“She told me she’d like to see him fired,” Mr. Showers recalled. “But she couldn’t do it herself because the City Council hires the city attorney.” Ms. Palin told him to write the council members to complain.

Meanwhile, Ms. Palin pushed the issue from the inside. “She started the ball rolling,” said Ms. Patrick, who also favored the firing. Mr. Deuser was soon replaced by Ken Jacobus, then the State Republican Party’s general counsel.

“Professionals were either forced out or fired,” Mr. Deuser said.

Ms. Palin ordered city employees not to talk to the press. And she used city money to buy a white Suburban for the mayor’s use — employees sarcastically called it the mayor-mobile.

The new mayor also tended carefully to her evangelical base. She appointed a pastor to the town planning board. And she began to eye the library. For years, social conservatives had pressed the library director to remove books they considered immoral.

“People would bring books back censored,” recalled former Mayor John Stein, Ms. Palin’s predecessor. “Pages would get marked up or torn out.”

Witnesses and contemporary news accounts say Ms. Palin asked the librarian about removing books from the shelves. The McCain-Palin presidential campaign says Ms. Palin never advocated censorship.

But in 1995, Ms. Palin, then a city councilwoman, told colleagues that she had noticed the book “Daddy’s Roommate” on the shelves and that it did not belong there, according to Ms. Chase and Mr. Stein. Ms. Chase read the book, which helps children understand homosexuality, and said it was inoffensive; she suggested that Ms. Palin read it.

“Sarah said she didn’t need to read that stuff,” Ms. Chase said. “It was disturbing that someone would be willing to remove a book from the library and she didn’t even read it.”

“I’m still proud of Sarah,” she added, “but she scares the bejeebers out of me.”

Reform Crucible

Restless ambition defined Ms. Palin in the early years of this decade. She raised money for Senator Ted Stevens, a Republican from the state; finished second in the 2002 Republican primary for lieutenant governor; and sought to fill the seat of Senator Frank H. Murkowski when he ran for governor.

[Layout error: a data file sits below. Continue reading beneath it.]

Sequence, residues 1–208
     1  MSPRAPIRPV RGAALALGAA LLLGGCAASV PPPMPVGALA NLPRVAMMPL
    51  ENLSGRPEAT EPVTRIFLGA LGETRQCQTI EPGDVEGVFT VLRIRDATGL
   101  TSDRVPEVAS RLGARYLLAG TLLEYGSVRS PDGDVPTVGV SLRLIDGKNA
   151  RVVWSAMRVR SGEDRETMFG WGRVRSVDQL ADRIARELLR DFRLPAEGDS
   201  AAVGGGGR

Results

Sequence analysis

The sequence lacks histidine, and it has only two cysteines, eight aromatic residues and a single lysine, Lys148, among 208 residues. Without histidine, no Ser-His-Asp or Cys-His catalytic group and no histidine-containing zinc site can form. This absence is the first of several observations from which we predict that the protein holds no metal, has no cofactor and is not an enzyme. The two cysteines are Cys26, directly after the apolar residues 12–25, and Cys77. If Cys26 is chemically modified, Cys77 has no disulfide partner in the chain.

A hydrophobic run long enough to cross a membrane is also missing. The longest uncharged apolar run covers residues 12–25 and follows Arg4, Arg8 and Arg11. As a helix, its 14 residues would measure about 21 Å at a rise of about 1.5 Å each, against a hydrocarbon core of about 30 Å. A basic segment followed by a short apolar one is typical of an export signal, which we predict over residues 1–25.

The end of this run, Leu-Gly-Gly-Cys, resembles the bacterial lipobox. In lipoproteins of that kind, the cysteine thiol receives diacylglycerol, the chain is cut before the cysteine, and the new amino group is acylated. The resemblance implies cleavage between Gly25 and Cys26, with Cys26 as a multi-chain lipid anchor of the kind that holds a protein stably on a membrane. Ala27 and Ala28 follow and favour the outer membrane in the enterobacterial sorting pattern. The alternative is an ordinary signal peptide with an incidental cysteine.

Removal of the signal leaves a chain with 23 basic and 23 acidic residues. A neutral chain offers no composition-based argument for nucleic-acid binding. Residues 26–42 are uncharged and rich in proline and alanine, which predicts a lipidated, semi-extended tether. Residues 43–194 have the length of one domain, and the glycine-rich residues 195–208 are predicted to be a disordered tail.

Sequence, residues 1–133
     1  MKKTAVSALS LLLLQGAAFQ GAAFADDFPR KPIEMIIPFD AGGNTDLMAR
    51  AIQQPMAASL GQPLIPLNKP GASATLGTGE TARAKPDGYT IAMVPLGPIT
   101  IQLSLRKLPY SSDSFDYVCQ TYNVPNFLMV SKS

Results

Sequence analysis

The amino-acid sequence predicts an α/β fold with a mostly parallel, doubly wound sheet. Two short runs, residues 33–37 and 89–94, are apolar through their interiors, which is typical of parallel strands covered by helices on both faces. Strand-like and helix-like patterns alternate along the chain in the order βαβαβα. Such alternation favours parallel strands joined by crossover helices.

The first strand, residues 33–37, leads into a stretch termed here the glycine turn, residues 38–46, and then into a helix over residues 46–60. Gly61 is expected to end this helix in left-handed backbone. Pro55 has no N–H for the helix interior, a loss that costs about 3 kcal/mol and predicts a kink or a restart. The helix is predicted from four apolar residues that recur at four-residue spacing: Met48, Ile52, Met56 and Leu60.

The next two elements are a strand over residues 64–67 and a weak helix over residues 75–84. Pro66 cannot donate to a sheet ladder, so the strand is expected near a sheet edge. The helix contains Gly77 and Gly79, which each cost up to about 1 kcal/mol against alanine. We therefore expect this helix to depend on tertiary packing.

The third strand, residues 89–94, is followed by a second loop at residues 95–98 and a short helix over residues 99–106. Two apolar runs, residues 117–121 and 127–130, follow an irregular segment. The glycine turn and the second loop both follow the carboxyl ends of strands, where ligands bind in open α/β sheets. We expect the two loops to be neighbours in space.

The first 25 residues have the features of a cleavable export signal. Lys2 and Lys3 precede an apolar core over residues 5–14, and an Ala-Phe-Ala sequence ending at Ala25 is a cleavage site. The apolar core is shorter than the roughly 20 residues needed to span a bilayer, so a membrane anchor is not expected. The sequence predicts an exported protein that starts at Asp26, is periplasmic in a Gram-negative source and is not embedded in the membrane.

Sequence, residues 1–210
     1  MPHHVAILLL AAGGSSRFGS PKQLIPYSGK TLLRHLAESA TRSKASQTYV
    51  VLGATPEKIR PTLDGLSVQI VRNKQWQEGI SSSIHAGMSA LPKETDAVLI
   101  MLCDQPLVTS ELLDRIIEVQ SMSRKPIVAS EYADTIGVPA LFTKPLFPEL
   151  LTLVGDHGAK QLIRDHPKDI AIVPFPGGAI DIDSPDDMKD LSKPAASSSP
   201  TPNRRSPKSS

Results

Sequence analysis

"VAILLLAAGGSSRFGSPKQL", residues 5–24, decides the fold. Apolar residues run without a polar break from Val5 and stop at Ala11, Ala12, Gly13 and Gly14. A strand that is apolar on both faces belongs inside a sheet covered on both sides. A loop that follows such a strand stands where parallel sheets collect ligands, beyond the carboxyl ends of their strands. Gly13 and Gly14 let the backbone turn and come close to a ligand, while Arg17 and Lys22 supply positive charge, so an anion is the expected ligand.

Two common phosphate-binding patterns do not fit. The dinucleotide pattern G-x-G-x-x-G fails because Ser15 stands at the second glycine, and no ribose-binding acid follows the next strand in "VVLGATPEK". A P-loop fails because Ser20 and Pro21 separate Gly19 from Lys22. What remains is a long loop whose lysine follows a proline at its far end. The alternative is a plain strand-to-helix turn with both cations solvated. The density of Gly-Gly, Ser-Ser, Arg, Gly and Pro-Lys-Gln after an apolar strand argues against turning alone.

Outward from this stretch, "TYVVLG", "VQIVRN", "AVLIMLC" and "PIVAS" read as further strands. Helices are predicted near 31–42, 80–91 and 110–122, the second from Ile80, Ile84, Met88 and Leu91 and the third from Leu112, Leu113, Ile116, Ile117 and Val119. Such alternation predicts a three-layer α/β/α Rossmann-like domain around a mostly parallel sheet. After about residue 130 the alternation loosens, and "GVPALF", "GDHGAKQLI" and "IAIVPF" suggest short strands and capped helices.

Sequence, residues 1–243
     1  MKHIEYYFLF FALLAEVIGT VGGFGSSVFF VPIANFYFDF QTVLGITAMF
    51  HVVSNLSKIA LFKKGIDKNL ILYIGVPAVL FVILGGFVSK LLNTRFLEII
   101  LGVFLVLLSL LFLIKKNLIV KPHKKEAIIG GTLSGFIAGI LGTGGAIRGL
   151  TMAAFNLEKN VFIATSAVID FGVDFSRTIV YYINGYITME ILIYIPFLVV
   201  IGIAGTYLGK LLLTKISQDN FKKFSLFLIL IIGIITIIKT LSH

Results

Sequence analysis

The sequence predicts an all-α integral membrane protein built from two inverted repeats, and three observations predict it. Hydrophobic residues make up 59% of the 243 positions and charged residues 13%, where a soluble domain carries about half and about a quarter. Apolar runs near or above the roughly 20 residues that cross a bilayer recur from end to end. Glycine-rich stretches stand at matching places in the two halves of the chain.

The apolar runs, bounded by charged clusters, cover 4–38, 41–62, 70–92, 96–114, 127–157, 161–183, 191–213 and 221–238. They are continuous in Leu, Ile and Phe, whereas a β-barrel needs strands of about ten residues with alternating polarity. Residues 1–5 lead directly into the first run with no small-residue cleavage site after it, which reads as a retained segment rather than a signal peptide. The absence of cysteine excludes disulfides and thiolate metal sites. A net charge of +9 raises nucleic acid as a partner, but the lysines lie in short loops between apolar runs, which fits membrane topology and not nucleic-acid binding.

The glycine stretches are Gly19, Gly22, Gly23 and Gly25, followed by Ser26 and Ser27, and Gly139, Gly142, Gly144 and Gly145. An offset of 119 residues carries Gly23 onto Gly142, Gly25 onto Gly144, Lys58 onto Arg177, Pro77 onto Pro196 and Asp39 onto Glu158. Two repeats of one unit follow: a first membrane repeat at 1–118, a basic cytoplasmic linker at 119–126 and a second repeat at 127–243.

Mr. Murkowski appointed his daughter to the seat, but as a consolation prize, he gave Ms. Palin the $125,000-a-year chairmanship of a state commission overseeing oil and gas drilling.

Ms. Palin discovered that the state Republican leader, Randy Ruedrich, a commission member, was conducting party business on state time and favoring regulated companies. When Mr. Murkowski failed to act on her complaints, she quit and went public.

The Republican establishment shunned her. But her break with the gentlemen’s club of oil producers and political power catapulted her into the public eye.

“She was honest and forthright,” said Jay Kerttula, a former Democratic state senator from Palmer.

Ms. Palin entered the 2006 primary for governor as a formidable candidate.

In the middle of the primary, a conservative columnist in the state, Paul Jenkins, unearthed e-mail messages showing that Ms. Palin had conducted campaign business from the mayor’s office. Ms. Palin handled the crisis with a street fighter’s guile.

“I told her it looks like she did the same thing that Randy Ruedrich did,” Mr. Jenkins recalled. “And she said, ‘Yeah, what I did was wrong.’ ”

Mr. Jenkins hung up and decided to forgo writing about it. His phone rang soon after.

Mr. Jenkins said a reporter from Fairbanks, reading from a Palin news release, demanded to know why he was “smearing” her. “Now I look at her and think: ‘Man, you’re slick,’ ” he said.

Ms. Palin won the primary, and in the general election she faced Tony Knowles, the former two-term Democratic governor, and Andrew Halcro, an independent.

Not deeply versed in policy, Ms. Palin skipped some candidate forums; at others, she flipped through hand-written, color-coded index cards strategically placed behind her nameplate.

Before one forum, Mr. Halcro said he saw aides shovel reports at Ms. Palin as she crammed. Her showman’s instincts rarely failed. She put the pile of reports on the lectern. Asked what she would do about health care policy, she patted the stack and said she would find an answer in the pile of solutions.

“She was fresh, and she was tomorrow,” said Michael Carey, a former editorial page editor for The Anchorage Daily News. “She just floated along like Mary Poppins.”


Half a century after Alaska became a state, Ms. Palin was inaugurated as governor in Fairbanks and took up the reformer’s sword.

As she assembled her cabinet and made other state appointments, those with insider credentials were now on the outs. But a new pattern became clear. She surrounded herself with people she has known since grade school and members of her church.

Mr. Parnell, the lieutenant governor, praised Ms. Palin’s appointments. “The people she hires are competent, qualified, top-notch people,” he said.

Ms. Palin chose Talis Colberg, a borough assemblyman from the Matanuska valley, as her attorney general, provoking a bewildered question from the legal community: “Who?” Mr. Colberg, who did not return calls, moved from a one-room building in the valley to one of the most powerful offices in the state, supervising some 500 people.